This cover that I made for Jared Anderson's group at Iowa State University just came out. It highlights a feature article they wrote about sample preparation for bioanalytical and pharmaceutical analysis. I learned that we've come a long way from phenol-chloroform extractions as the main way we get DNA from cells. For anyone who knows anything about this, I am dating myself, but the first experiment I ever did in a non-classroom laboratory started with doing mini-preps using phenol-chloroform extraction. By the time I got to grad school we used these adorable little centrifuge tubes equipped with filters to do mini-preps, and you could finish one before your coffee got cold on your desk. Now they're using microfluidics to separate DNA from proteins and other flotsam and jetsam. I know very little about microfluidics, but I am always reminded of a seminar I saw over a decade ago at MIT from an up and coming Rustem Ismagilov, a professor at CalTech. It was common for researchers to photograph their microfluidic devices next to a penny to demonstrate the impossibly small size they were able to achieve. Professor Ismagilov told us how, as he embarked on this field of research, the first thing he did was to go out and get a really really big penny. Maybe the funniest thing I've ever heard in a seminar.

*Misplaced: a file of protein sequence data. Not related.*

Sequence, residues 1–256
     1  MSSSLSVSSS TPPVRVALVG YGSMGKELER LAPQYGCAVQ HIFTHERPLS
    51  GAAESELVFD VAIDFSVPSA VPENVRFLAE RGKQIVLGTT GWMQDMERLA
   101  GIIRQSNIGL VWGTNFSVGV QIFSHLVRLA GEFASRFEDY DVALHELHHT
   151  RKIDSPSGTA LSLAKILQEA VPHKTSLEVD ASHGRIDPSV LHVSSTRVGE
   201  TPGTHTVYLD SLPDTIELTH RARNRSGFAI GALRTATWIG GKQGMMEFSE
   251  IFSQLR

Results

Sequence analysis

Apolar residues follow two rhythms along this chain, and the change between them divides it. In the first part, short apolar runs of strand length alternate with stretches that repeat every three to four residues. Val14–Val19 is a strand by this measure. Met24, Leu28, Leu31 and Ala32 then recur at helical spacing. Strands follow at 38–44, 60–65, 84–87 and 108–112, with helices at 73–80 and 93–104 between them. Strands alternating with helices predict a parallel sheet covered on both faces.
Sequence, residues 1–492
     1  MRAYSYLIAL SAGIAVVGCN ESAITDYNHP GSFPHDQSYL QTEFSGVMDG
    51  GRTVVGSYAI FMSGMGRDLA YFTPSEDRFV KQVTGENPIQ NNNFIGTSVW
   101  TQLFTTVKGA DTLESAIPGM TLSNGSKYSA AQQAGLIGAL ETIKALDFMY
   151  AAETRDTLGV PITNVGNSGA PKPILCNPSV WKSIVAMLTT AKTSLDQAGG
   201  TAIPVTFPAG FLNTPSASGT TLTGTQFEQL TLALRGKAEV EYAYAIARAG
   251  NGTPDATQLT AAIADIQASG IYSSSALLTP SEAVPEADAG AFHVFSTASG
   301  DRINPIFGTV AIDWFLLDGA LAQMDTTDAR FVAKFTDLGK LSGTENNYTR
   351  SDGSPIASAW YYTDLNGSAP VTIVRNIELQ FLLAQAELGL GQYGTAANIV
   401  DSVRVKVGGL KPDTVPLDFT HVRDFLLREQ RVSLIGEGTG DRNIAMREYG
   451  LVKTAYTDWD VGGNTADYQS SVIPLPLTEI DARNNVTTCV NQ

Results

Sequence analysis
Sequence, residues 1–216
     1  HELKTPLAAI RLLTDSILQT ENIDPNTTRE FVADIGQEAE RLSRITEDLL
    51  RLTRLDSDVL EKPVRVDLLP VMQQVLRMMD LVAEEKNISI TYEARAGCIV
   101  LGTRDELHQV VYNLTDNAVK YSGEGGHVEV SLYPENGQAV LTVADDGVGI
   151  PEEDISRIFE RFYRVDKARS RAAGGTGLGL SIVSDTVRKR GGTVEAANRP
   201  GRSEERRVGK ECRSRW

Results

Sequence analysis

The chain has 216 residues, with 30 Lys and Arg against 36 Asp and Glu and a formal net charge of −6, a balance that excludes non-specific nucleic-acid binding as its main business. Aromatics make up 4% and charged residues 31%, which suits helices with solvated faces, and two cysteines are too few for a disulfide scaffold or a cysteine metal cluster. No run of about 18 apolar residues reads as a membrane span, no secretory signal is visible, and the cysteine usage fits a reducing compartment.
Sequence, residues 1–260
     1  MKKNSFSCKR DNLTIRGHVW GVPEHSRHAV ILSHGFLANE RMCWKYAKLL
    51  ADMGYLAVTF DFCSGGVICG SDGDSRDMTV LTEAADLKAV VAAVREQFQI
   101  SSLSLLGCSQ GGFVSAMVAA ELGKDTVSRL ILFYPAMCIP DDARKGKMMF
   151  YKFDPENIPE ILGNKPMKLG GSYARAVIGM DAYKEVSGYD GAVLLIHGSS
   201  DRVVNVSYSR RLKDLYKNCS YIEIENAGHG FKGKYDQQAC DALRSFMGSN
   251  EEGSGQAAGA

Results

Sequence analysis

Below are the sketches I presented to the Anderson Lab for consideration. They discuss many techniques in the paper (magnetic ionic liquids, solid phase extraction, etc.) so it was a challenge to try to work in as many as I could. They chose the second sketch. I don't know the reason, but maybe having the bacteria and pills looking like so many college freshman was a bit much.